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Published on November 20th, 2014 | by Millennium Magazine Staff


Pastors plan more active ‘stand’ on moral issues

Charleston, SC. – Charleston pastor Kevin Baird and other evangelical Christians say they will be more outspoken during the coming legislative session about what they see as persistent attacks on morality and their values.

Baird, pastor at Charleston’s Legacy Church since 2002, rallied on a recent weekend outside the South Carolina Statehouse in Columbia with about 200 supporters galvanized by the belief their views on abortion, same-sex marriage and public expressions of religion are being drowned out.

“There is a lot of grassroots momentum stirring out there,” Baird said in an interview. “We believe our values have as much of a right at the table of discussion as any other value system. There’s no such thing as neutral. Somebody’s morality is always represented in every law.”

Pro-choice advocates and organizations such as the American Civil Liberties Union have pushed back when evangelicals or other religious groups have exerted their political muscle to attack abortion rights or anti-discrimination protections for gays and lesbians.

Tell Them, an advocacy group for women’s health issues, has fought so-called “personhood” bills, which define life as beginning at conception, and have been defeated in the state Legislature the past 16 years in a rows,

“No elected official should want to pass a law that takes hormonal birth control off the market, or denies a rape victim access to emergency contraception – both practices that would be illegal if personhood measures became law,” Tell Them spokeswoman Emma Davidson said in an email.

Baird’s rally was in response to Houston Mayor Annise Parker trying to subpoena sermons last month by local pastors who opposed the city’s equal rights ordinance protecting the LGBT community.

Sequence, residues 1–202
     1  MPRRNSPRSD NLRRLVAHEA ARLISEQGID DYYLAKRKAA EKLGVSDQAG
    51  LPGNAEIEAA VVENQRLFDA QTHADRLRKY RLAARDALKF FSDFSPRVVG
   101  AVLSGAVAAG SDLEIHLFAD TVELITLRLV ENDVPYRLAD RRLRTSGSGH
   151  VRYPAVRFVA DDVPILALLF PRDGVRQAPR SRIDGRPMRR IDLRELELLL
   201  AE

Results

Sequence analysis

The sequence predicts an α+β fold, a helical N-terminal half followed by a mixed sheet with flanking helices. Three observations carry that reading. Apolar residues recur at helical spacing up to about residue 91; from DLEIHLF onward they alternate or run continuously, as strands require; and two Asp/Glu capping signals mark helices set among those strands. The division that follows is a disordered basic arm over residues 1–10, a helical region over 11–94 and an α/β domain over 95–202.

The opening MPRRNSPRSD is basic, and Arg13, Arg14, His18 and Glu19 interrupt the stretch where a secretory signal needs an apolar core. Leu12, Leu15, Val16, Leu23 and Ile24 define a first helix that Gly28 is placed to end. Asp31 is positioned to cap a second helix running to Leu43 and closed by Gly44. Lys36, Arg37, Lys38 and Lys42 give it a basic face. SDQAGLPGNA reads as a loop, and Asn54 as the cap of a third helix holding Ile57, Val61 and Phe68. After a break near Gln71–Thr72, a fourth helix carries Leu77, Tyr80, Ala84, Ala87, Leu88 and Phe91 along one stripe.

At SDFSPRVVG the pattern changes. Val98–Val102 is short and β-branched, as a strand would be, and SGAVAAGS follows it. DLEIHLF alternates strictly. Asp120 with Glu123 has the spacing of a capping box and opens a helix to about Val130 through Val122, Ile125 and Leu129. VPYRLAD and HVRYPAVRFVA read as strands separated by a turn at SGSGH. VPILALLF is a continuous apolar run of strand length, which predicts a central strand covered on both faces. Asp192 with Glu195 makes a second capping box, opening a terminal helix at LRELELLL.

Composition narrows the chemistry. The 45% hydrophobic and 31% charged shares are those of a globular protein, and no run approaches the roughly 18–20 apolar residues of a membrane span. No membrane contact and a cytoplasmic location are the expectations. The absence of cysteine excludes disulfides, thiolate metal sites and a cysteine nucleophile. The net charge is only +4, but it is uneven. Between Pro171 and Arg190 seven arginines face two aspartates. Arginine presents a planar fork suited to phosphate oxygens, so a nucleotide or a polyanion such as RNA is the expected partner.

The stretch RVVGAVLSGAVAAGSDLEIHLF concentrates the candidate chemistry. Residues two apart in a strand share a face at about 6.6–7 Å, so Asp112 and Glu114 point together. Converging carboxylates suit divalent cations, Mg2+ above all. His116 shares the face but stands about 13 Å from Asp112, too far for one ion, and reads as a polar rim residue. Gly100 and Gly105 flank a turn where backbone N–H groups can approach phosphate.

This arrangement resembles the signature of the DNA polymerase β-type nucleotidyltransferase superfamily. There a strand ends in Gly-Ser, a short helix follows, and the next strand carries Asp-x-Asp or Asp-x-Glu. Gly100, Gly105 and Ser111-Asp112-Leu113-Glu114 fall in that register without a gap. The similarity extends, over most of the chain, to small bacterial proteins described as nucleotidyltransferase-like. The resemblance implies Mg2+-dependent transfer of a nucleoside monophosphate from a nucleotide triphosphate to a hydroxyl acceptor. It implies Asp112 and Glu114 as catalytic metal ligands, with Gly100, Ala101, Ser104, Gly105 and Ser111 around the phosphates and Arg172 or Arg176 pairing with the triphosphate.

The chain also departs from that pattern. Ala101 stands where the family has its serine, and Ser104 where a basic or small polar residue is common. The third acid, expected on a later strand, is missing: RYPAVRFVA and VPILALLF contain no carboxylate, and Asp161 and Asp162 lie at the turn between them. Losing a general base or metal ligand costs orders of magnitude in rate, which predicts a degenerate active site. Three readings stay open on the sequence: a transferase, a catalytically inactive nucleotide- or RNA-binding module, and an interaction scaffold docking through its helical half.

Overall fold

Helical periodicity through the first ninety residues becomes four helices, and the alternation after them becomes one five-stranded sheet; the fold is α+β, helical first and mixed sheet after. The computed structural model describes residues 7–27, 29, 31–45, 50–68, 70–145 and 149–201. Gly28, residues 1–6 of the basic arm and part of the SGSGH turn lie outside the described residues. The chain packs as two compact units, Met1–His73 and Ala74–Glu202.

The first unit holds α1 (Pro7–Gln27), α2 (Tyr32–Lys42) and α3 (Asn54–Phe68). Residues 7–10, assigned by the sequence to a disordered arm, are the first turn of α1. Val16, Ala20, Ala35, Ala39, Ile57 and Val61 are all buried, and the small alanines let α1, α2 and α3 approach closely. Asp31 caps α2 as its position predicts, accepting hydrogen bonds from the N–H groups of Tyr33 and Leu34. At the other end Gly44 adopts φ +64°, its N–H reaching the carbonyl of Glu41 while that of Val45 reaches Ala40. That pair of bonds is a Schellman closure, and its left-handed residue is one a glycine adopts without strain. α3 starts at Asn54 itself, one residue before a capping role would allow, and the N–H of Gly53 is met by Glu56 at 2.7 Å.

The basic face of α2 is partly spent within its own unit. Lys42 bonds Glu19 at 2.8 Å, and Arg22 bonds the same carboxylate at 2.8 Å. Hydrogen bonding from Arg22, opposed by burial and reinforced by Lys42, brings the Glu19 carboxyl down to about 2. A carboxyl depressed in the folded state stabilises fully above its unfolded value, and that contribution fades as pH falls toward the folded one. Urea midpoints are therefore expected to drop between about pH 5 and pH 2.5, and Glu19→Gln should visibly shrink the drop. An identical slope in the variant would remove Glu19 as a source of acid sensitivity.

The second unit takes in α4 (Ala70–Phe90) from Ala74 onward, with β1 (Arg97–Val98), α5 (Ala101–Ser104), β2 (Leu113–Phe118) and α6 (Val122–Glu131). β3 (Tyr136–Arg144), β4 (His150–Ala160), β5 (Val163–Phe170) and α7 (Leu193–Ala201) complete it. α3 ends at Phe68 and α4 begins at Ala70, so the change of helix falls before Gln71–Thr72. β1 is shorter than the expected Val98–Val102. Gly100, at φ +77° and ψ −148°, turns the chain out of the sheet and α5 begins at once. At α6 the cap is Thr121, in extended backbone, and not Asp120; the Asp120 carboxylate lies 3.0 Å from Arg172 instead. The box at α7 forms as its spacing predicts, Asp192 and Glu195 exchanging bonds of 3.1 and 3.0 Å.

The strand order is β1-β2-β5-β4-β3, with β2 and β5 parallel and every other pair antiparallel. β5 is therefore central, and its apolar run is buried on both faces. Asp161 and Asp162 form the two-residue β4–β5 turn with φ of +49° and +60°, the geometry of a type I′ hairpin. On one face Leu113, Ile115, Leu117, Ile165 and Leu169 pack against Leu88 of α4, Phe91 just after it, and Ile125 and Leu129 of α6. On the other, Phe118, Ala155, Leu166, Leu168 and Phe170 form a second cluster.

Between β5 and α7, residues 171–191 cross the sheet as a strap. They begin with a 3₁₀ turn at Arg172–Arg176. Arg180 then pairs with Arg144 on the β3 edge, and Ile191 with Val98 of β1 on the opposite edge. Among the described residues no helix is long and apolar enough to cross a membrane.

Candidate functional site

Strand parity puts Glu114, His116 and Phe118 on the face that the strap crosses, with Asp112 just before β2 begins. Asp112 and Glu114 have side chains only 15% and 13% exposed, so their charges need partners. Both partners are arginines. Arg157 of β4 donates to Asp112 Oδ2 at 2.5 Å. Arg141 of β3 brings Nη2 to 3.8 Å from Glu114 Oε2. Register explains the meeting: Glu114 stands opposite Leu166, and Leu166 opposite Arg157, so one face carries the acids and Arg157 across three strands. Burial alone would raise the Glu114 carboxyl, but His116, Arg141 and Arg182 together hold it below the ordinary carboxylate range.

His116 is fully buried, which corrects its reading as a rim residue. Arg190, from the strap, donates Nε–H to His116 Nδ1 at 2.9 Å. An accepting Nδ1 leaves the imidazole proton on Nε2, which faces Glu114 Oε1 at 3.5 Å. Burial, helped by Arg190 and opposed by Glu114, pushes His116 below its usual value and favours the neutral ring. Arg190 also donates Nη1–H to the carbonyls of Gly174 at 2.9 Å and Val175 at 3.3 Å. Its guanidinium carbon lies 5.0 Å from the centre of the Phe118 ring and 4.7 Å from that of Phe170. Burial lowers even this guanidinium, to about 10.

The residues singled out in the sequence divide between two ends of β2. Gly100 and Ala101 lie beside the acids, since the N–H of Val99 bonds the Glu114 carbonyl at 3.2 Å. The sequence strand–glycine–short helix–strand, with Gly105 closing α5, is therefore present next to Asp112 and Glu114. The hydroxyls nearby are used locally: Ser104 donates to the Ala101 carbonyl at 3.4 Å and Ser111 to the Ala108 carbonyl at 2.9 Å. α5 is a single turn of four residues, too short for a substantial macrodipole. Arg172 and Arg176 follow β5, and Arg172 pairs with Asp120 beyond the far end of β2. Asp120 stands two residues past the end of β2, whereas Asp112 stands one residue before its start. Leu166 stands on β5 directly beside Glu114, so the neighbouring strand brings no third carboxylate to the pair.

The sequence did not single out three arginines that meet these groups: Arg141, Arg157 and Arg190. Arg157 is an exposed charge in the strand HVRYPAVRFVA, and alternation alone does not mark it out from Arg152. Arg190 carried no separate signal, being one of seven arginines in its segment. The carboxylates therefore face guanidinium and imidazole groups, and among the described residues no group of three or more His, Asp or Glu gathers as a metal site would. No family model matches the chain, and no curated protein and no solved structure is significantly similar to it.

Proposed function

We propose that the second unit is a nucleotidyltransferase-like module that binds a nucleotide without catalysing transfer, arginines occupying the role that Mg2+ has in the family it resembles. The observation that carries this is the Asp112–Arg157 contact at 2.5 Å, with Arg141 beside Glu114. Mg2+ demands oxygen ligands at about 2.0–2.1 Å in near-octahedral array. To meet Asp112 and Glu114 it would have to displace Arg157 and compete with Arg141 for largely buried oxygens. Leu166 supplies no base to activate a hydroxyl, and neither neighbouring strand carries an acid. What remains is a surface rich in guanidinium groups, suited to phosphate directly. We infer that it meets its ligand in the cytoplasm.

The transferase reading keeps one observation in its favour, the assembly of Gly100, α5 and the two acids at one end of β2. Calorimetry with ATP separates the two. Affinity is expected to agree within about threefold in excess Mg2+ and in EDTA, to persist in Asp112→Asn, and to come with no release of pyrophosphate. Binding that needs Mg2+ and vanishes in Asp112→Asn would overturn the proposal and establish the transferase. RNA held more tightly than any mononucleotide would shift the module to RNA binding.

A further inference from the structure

The ban on anti-gay discrimination by businesses, private employers, in housing and in city employment and contracting is still being contested in court. Opponents sought to repeal it, in part, because it would allow transgender people barred access to a restroom to file a discrimination complaint.

The mayor backed down on the subpoena threat, but pastors in South Carolina and elsewhere were incensed at what they considered an infringement on religious freedom. Baird helped circulate a document he said has been signed by more than 500 religious leaders declaring their opposition to abortion, legalizing same-sex marriage and restrictions on public displays of religion.

Abortion is a hot-button topic nearly every year in the General Assembly. Last year, several abortion-related bills advanced in the Senate before ultimately failing.

Baird said he would like to see South Carolina outlaw abortion as a challenge to Roe v. Wade, the landmark U.S. Supreme Court decision that guaranteed a woman’s right to abortion.

Sen. Larry Martin, R-Pickens, chairman of the Judiciary Committee, said he and others have successfully worked to limit abortion, passing bills banning late-term abortions, requiring a waiting period and education about the procedure and options, such as adoption.

But signing on to personhood bills can be a problem for him and many of his colleagues, he said. While he generally opposes abortion, he said he could not support a bill that outlaws abortion if giving birth jeopardizes the mother’s life.

He knows that doesn’t sit well with the religious right.

“You’re really a closeted pro-choice person in their mind,” he said. “We’ve done quite a bit to lessen abortion in South Carolina that’s within the rules.”


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